Typical poisonous plants that may be found in a home include iris,
philodendrons, jack in the pulpit, and rubber plants. Common yard vegetation
that is very poisonous includes oleander, laurel, yew, and azalea. It may be
necessary to keep only non-toxic plants, such as oat grass, in the house if a
pet is likely to chew. This is often the case with young, bored cats but not
typically a problem with older, well-adjusted animals.
It can be very difficult to keep all poisonous plants away from cats. Steps
should be taken to remove poisonous plants from the house and yard. Because
different plants may produce similar signs of poisoning, yet require different
treatments, it is critical to save all remaining parts of a plant that a pet has
ingested. These plant parts may be needed for identification to decide if an
antidote is available and to choose the proper course of treatment.
There are many books written on poisonous plants. It would be a wise idea to
keep an illustrated book of common poisonous plants. This will aid in
identification in case of accidental poisoning.
The signs of plant poisoning depend on the plant that has been chewed or
consumed. Signs may include drooling, vomiting, diarrhea, twitching,
nervousness, coma, and death. The most common houseplant poisonings occur after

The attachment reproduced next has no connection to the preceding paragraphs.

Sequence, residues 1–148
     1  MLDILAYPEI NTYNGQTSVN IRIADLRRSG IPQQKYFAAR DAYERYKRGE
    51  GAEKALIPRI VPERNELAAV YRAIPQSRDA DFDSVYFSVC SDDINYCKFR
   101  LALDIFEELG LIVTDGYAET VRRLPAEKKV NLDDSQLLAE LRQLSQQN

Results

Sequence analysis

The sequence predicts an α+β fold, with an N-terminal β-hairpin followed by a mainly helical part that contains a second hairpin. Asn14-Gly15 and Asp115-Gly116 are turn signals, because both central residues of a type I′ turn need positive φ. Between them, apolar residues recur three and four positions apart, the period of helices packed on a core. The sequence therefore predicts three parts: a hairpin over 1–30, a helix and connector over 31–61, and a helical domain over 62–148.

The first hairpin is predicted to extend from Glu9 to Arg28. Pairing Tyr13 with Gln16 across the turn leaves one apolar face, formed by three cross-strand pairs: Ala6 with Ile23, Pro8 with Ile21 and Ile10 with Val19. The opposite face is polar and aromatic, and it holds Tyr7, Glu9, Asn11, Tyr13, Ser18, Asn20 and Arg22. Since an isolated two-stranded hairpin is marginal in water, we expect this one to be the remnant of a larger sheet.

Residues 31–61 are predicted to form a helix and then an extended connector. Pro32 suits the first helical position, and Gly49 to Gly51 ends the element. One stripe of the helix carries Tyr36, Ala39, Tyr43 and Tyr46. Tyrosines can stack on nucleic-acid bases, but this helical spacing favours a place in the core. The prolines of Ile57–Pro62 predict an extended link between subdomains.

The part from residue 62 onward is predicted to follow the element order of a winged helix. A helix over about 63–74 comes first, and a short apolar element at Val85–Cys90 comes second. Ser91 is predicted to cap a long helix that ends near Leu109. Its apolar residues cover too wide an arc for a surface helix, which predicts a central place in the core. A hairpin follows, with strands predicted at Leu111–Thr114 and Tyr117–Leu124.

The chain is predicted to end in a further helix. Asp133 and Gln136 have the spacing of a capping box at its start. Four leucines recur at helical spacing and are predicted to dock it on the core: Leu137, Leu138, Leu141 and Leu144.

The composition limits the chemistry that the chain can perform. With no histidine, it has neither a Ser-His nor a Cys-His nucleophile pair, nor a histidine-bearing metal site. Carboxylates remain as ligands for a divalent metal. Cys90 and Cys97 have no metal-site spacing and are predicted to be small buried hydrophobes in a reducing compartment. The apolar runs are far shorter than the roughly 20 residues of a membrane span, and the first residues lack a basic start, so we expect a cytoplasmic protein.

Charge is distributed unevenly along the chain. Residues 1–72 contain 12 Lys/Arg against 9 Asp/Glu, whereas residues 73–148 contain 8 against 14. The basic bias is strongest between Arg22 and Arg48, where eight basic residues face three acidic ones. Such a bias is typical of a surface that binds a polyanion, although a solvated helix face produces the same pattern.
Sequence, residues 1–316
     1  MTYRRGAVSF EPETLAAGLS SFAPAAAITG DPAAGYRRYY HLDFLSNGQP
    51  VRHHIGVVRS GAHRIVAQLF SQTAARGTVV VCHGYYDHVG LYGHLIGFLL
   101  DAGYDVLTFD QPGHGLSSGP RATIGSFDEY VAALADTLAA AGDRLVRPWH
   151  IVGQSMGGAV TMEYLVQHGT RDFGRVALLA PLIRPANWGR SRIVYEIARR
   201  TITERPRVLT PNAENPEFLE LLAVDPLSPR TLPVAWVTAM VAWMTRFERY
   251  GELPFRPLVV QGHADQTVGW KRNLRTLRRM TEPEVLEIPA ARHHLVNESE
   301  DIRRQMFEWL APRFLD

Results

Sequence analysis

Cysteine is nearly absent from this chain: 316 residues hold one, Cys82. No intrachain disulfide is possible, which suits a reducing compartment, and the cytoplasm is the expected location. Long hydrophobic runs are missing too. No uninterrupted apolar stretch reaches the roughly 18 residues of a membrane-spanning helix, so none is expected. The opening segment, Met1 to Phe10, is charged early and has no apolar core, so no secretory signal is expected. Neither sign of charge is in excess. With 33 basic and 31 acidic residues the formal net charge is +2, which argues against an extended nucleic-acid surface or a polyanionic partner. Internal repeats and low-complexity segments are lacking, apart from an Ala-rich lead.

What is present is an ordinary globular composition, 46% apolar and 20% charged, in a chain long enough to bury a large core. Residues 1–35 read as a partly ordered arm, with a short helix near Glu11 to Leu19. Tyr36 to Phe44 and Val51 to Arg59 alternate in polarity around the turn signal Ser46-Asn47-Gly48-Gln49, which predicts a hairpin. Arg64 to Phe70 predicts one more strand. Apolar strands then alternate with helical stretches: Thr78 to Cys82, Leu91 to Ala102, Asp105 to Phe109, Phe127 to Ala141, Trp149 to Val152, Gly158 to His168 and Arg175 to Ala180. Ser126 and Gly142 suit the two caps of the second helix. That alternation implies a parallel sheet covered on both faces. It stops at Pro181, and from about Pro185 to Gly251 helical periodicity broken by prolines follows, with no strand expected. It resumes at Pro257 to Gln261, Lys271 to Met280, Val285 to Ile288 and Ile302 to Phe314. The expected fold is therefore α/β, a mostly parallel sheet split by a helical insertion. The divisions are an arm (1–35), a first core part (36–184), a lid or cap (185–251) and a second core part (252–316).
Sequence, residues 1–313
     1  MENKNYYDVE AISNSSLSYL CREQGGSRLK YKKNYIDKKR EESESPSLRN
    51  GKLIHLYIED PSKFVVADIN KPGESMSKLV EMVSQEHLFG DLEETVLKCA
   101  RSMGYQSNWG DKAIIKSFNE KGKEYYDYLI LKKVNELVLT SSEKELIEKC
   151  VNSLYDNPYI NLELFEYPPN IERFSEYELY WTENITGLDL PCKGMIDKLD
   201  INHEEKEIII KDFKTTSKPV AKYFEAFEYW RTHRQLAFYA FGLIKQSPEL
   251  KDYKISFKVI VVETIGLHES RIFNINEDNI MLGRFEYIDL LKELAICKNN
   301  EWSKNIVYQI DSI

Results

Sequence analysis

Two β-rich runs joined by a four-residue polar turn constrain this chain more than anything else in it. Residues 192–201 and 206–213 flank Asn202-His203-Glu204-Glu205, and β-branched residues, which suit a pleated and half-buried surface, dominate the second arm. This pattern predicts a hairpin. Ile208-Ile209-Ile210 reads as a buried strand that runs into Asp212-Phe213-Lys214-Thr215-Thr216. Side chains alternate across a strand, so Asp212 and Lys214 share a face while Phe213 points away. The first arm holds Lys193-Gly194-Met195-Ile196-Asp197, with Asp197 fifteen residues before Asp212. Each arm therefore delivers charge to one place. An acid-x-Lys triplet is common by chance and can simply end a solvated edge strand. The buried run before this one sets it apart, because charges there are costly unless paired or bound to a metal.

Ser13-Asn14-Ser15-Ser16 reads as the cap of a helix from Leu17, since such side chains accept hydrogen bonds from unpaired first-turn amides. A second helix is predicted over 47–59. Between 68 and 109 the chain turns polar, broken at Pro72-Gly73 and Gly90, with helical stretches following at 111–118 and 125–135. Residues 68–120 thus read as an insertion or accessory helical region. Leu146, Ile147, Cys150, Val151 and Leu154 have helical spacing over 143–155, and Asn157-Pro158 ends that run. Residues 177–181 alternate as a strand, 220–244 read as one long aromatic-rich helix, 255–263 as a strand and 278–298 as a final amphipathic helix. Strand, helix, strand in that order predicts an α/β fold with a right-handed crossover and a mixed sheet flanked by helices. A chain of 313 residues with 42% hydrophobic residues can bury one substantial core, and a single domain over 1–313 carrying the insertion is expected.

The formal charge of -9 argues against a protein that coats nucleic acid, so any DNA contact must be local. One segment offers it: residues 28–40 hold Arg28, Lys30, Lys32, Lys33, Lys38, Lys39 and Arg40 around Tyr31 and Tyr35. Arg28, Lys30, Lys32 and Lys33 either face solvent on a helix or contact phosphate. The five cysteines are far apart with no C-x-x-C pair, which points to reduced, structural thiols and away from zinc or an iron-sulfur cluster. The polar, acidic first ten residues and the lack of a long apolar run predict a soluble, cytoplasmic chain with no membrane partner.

ingestion of plants in the family Areaceae. Plants in this family,
including dieffenbachia, philodendron, elephantís ear, and rhubarb, contain
irritating calcium oxalate crystals. If chewed, the crystals cause salivation
and swelling of the mouth, tongue, and throat. The pet may not be able to
swallow, have blisters, and difficulty breathing. Eye and skin irritation can
occur if the plant juices touch these areas. Other plants cause different signs
that correlate to the body organs or system that are affected by the particular
plant toxin. Some plants affect only one body system; others affect multiple
organs and cause many signs of illness.
Diagnosis: Diagnosis is usually based
on access to a plant, evidence of ingestion, and a sick pet. Owners often find
chewed vegetation and a salivating pet that is pawing at its mouth. Veterinary
diagnosis is based on a history of exposure, symptoms, and physical examination.
There are no specific tests to determine plant poisonings.
Treatment: Treatment is dependent on
the symptoms and may include rinsing the plant juice from the mouth, eyes, and
skin. Some animals require pain medication, general nursing care,
hospitalization, and intravenous fluid therapy. There are antidotes for some